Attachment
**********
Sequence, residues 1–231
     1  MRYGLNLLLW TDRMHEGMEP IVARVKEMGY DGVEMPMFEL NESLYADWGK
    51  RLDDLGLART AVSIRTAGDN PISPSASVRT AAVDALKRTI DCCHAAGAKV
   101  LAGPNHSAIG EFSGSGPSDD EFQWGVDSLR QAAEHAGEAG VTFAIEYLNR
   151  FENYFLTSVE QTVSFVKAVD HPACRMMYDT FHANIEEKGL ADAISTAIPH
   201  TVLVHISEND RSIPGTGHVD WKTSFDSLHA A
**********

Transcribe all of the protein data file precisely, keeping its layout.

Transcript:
Sequence, residues 1–231
     1  MRYGLNLLLW TDRMHEGMEP IVARVKEMGY DGVEMPMFEL NESLYADWGK
    51  RLDDLGLART AVSIRTAGDN PISPSASVRT AAVDALKRTI DCCHAAGAKV
   101  LAGPNHSAIG EFSGSGPSDD EFQWGVDSLR QAAEHAGEAG VTFAIEYLNR
   151  FENYFLTSVE QTVSFVKAVD HPACRMMYDT FHANIEEKGL ADAISTAIPH
   201  TVLVHISEND RSIPGTGHVD WKTSFDSLHA A